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Fitzpatrick and Zalatoris lead ahead of final day

2022-06-19 HKT 08:12
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  • Matt Fitzpatrick birdied three of the last five holes at The Country Club but a closing bogey left him level with Will Zalatoris. Image: Shutterstock
    Matt Fitzpatrick birdied three of the last five holes at The Country Club but a closing bogey left him level with Will Zalatoris. Image: Shutterstock
England's Matt Fitzpatrick and American Will Zalatoris, each chasing his first major title, shared the lead late in Saturday's third round of the US Open as brisk wind and brutal rough tormented golf's top stars.

Fitzpatrick birdied three of the last five holes at The Country Club but a closing bogey left him level with Zalatoris, last month's PGA Championship runner-up, on four-under par 206 through 54 holes.

Zalatoris, also last year's Masters runner-up, fired a three-under par 67 while Fitzpatrick, the 2013 US Amateur winner at The Country Club, fired a 68.

The Country Club bared its teeth in formidable conditions to humble defending champion Jon Rahm, four-time major winner Rory McIlroy, top-ranked Masters champion Scottie Scheffler and two-time major winner Collin Morikawa.

"I knew it was going to play hard and I just needed to stay patient," Zalatoris said. "I knew if I make an early bogey or two, don't change the game plan, don't try to get extra aggressive because that's how you make a mess of it."

Spanish world number two Rahm stumbled with bogeys at the par-3 second plus eight and 13 to stand on 2-under but sank a seven-foot birdie putt at the par-5 14th and a 29-foot birdie putt at 15 to match the clubhouse co-leaders.

American Keegan Bradley, the 2011 PGA Championship winner, and Canada's Adam Hadwin shared fourth on 208 with American Scheffler at 2-under through 17.

Scheffler, seeking his fifth title of the year, endured amazing extremes, holing out for eagle from 101 yards at the par-5 eighth for a two-stroke lead as the crowd roared only to double bogey the par-3 11th and follow that with three consecutive bogeys before a three-foot birdie putt at 17.

Northern Ireland's world number three McIlroy endured nightmare putting with three bogeys and a short birdie miss in the first six holes. He made a 12-foot birdie putt at 11 only to find rough and a bogey 12, falling back to 1-under.

American Morikawa, a 36-hole co-leader at 5-under, went bogey-double bogey at six and seven and again at 12 and 13, falling to 1-over.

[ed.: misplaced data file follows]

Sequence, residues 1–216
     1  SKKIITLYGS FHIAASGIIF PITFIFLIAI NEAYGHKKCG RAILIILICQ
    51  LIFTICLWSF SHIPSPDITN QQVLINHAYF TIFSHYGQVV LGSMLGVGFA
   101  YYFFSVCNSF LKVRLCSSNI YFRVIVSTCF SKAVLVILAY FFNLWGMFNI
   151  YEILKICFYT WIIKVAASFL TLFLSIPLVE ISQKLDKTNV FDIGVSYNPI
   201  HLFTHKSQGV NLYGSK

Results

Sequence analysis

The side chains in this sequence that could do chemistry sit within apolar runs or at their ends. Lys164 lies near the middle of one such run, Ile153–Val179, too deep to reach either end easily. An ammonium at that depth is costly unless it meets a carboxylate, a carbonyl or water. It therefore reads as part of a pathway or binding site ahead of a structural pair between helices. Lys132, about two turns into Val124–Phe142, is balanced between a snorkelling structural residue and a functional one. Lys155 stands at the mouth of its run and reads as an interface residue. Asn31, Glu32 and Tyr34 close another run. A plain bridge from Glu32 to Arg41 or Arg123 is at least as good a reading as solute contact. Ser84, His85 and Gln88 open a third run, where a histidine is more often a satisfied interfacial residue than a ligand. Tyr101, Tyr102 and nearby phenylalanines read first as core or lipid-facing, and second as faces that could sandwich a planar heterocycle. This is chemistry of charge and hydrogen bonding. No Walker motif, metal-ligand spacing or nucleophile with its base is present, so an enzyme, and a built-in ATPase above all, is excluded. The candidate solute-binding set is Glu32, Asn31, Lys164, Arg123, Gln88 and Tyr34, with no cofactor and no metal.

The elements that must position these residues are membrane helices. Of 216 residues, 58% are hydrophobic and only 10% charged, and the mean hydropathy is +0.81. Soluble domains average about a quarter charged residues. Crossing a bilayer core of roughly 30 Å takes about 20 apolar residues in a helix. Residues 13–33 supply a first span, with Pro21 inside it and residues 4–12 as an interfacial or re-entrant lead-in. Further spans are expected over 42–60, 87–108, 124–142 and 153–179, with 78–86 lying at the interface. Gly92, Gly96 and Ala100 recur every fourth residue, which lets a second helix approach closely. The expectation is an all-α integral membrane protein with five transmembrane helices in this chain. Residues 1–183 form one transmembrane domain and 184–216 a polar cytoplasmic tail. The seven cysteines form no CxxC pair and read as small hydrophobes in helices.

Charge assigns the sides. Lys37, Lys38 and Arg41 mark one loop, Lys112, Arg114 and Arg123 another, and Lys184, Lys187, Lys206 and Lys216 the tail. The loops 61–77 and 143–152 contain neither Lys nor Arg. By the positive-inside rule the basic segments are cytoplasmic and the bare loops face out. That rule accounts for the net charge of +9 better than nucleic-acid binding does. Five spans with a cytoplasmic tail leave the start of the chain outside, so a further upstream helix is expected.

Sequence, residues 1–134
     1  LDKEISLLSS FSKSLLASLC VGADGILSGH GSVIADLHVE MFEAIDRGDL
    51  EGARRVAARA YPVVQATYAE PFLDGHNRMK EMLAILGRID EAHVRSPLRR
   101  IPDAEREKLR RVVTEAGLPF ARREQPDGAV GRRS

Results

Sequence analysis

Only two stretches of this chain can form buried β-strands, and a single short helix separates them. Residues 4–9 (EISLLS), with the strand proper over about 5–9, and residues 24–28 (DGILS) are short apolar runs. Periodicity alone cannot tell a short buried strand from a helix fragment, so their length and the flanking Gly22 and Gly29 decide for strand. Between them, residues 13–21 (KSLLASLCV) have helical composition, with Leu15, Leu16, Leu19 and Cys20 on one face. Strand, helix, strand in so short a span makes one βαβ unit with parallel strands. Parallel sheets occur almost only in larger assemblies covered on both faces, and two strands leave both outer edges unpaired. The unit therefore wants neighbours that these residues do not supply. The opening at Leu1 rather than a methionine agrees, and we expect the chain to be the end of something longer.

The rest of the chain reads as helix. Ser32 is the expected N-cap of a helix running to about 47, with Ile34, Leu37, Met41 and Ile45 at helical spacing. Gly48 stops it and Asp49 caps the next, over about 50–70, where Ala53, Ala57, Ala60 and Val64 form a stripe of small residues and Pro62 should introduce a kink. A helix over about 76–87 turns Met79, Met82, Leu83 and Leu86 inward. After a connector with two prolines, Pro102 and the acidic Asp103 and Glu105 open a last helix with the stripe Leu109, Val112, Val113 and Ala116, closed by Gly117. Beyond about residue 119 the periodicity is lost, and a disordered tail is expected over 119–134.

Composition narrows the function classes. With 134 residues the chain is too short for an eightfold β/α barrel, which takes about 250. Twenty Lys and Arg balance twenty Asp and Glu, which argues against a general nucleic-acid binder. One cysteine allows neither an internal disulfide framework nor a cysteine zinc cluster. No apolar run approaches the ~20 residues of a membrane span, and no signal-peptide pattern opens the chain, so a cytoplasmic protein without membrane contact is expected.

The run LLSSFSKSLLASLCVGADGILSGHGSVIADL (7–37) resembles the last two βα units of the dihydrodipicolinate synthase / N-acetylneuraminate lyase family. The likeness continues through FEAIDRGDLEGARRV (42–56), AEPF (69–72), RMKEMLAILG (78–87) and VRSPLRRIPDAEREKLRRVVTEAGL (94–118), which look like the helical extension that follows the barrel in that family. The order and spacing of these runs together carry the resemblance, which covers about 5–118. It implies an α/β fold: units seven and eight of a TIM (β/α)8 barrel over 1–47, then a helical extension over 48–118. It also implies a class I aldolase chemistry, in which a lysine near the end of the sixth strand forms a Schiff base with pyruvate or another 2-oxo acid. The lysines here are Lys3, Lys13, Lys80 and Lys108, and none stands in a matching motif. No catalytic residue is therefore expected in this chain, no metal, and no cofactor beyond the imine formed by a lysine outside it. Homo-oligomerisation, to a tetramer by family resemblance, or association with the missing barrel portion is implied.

Fitzpatrick, the 2013 US Amateur winner at The Country Club, could match Jack Nicklaus as the only players to win the US Amateur and Open on the same course, Nicklaus doing it at Pebble Beach.

After an opening bogey, Fitzpatrick sank a 10-foot birdie putt at the fifth, drove the par-5 eighth in two for a tap-in birdie and answered a bogey at 10 with birdies at 14, 15 and 17, the longest an eight-footer at the penultimate hole.

But he found a bunker at 18 and missed a 21-foot par putt.

Zalatoris barely avoided disaster himself on 18, a tee shot right into trampled rough and second into a bunker answered with a great third shot and par putt from just outside five feet to end his round.

"That was brutal," Zalatoris said. "It took a lot of discipline. We didn't aim at a single flag even with some wedges just because you really only have a foot or two to deal with on these greens in some situations.

"It was just a lot of patience and giving myself as many 15- to 25-footers as I could, and a couple happened to go in and it felt pretty good."

Zalatoris, in only his ninth major start, sank a 40-foot birdie putt at the par-3 second, a 15-footer to birdie the fourth and answered his lone bogey at the seventh with birdie putts from 19 feet at nine and five feet at 15 before his narrow escape at 18.

"This place is a beast," Zalatoris said. "When I played during the Am in 2013 I said this was the hardest golf course that I had ever played. It's just so easy to compound mistakes out here.

"The biggest thing for me tomorrow, there's a ton of major champions on this leaderboard, and by no means is the job done. Not even close. But just keep doing what I'm doing." (AFP)